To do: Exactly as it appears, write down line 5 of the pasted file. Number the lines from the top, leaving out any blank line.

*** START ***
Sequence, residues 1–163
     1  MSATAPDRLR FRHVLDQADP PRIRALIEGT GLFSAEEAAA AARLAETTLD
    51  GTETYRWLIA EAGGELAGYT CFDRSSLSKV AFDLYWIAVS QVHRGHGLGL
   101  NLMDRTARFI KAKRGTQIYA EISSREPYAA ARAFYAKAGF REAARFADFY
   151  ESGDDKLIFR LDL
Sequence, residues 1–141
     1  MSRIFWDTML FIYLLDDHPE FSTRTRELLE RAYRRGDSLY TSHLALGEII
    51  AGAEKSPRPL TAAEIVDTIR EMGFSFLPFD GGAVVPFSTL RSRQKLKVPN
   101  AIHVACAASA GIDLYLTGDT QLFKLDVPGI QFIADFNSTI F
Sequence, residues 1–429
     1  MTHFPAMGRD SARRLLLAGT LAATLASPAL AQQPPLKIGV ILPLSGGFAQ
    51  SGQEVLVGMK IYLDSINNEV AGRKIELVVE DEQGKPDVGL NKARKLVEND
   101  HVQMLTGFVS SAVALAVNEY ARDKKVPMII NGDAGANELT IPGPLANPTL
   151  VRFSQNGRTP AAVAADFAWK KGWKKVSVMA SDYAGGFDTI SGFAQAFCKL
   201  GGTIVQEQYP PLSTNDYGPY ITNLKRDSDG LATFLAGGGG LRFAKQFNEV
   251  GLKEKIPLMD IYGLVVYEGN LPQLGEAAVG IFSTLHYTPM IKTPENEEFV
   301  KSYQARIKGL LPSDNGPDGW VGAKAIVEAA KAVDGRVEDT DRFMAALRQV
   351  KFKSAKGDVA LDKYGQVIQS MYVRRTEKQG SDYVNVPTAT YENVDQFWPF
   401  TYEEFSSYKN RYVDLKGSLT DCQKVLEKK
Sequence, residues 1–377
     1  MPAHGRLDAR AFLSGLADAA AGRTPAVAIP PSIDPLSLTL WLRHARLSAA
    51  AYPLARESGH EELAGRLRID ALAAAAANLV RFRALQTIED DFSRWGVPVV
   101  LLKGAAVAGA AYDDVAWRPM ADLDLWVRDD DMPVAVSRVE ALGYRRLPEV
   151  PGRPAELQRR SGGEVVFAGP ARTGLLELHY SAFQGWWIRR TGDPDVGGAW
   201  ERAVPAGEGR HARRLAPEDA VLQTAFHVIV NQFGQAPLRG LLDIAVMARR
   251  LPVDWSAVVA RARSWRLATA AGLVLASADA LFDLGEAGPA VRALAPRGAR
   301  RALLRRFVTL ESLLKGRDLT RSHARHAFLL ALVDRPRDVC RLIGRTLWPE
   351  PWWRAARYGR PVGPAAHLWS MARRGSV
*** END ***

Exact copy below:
   151  ESGDDKLIFR LDL